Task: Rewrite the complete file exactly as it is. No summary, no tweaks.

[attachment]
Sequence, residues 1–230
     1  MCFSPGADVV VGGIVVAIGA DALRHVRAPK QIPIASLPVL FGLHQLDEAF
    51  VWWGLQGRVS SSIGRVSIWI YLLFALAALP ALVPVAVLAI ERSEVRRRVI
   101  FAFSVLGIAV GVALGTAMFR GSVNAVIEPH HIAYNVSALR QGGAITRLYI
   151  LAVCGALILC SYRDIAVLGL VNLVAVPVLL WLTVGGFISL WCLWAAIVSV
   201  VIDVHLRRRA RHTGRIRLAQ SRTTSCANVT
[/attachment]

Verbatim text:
Sequence, residues 1–230
     1  MCFSPGADVV VGGIVVAIGA DALRHVRAPK QIPIASLPVL FGLHQLDEAF
    51  VWWGLQGRVS SSIGRVSIWI YLLFALAALP ALVPVAVLAI ERSEVRRRVI
   101  FAFSVLGIAV GVALGTAMFR GSVNAVIEPH HIAYNVSALR QGGAITRLYI
   151  LAVCGALILC SYRDIAVLGL VNLVAVPVLL WLTVGGFISL WCLWAAIVSV
   201  VIDVHLRRRA RHTGRIRLAQ SRTTSCANVT